• Uptake of zero rating varied across the four countries. Awareness was low and scepticism of free services was high in Nigeria, whereas in Rwanda bundles with unlimited WhatsApp and Facebook were very popular. In Kenya and South Africa, the zero-rated services were welcomed for their cost-reducing nature.
  • There was substantial interest and uptake in Equal Rating-compliant, partially subsidized data bundles that provide access to the entire internet not just some parts of it (e.g., Cell C’s offering of 250MB between 1 am and 7 am for R6 in South Africa or an MTN bundle in Rwanda for Rwf 800 (USD 0.96) that provide 24 hours unlimited data).
  • Poor network quality and coverage limited the consumption of subsidised data since some respondents, especially in rural areas of Kenya, Rwanda and South Africa, reported that telcos with those offerings did not have coverage in their area. Indeed, many of these users only have access via the most expensive operator in that country.
  • Women face additional barriers to internet use, including concern of being exposed to inappropriate content online and its consequences in their intimate relationships and family responsibilities.

“Our research reveals that a significant urban-rural divide remains in opportunities to access the internet,” said Dr Alison Gillwald, Executive Director of Research ICT Africa. “Too often the debate over zero rating glosses over the fact that many people in rural communities don’t even have access to the best subsidized offerings and have to spend largely disproportionate amounts of their already low income on mobile access, and that’s assuming they can even find electricity to charge their devices.”

Albany Launches R350mln Revamped Bellville Bakery

Albany Bakeries on Wednesday launched a R350 million investment into a new bakery in Bellville in the Western Cape, which includes the building of a brand-new plant and an upgrade of interiors of the existing plant.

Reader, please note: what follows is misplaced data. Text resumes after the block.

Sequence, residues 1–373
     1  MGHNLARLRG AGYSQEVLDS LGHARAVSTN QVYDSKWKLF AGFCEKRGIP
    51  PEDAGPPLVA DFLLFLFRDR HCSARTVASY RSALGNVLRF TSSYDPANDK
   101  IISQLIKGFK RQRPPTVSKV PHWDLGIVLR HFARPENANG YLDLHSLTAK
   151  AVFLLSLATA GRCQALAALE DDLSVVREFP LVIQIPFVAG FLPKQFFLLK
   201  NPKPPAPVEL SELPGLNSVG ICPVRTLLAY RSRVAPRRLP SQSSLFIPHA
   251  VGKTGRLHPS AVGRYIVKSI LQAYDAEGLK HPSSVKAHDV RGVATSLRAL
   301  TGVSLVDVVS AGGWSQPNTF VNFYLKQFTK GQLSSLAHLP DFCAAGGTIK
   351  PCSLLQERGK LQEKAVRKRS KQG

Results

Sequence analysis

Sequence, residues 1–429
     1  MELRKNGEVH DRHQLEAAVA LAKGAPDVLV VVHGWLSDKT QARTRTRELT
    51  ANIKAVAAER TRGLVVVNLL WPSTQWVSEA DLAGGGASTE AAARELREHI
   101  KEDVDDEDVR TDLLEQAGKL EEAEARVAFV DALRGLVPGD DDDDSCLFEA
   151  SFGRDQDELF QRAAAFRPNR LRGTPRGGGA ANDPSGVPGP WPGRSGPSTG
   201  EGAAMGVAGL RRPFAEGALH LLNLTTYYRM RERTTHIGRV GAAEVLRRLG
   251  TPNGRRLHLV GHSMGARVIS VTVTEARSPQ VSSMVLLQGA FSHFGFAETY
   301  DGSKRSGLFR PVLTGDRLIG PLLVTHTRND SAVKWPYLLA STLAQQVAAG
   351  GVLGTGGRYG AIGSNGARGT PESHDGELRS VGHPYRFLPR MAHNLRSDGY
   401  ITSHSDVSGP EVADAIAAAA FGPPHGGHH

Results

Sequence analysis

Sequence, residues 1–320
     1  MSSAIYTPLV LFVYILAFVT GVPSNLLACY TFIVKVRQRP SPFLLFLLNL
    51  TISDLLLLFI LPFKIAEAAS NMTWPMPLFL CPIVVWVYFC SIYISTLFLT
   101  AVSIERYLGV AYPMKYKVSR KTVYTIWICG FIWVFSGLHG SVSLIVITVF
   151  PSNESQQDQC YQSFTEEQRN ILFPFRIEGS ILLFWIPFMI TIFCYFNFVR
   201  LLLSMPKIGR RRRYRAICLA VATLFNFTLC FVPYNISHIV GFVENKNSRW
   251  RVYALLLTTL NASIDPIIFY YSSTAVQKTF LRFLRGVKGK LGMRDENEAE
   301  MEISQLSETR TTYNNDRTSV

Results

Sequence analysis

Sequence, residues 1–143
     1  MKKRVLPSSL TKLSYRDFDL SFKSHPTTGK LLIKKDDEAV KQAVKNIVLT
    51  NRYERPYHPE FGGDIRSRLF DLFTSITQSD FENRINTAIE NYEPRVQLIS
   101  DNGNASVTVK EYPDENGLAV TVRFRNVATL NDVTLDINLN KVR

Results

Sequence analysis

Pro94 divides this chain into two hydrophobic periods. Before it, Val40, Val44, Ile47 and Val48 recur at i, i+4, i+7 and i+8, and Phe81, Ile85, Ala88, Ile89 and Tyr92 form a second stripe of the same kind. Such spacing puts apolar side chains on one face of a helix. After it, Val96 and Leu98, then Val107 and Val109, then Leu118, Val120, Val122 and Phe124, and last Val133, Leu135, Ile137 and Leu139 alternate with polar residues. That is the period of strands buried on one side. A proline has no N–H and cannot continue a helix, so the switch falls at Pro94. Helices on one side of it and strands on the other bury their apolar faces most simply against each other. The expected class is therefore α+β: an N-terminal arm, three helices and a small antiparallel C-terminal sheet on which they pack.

The new building occupies 6,884 square metres, compared to an area of 3,766 square metres in the old bakery. The bakery operates 24 hours, seven days a week, and trucks leave the yard from 3am to 6am each day.

Albany managing director, Matshela Seshibe, said the two Tweedy high-speed dough mixers, backed by British technology, would add to the output capacity, from 6,000 litres per hour, to 12,000 litres per hour, effectively doubling the bakery’s outputs.

There are also new bread coolers and ovens that are more energy efficient and perfect the baking process.

“Our revamped high-tech bagging system is another aspect that adds to the overall efficiency,” Seshibe said.

“For the upgrade, we took the environment into account and have increased our emissions efficiency by reducing the factory’s energy consumption and also placed emphasis on improving safety measures.”

Albany Bakeries Bellville currently services 5,000 outlets, mainly in the Cape Metro area, which would be doubled over the next five years in a bid to contribute to small enterprises locally.

As a result of increased capacity, Albany is now planning to increase the number of outlets to reach previously unserved parts of the Western Cape. These range from large supermarket chains to independent retailers and spaza shops. (via African News Agency)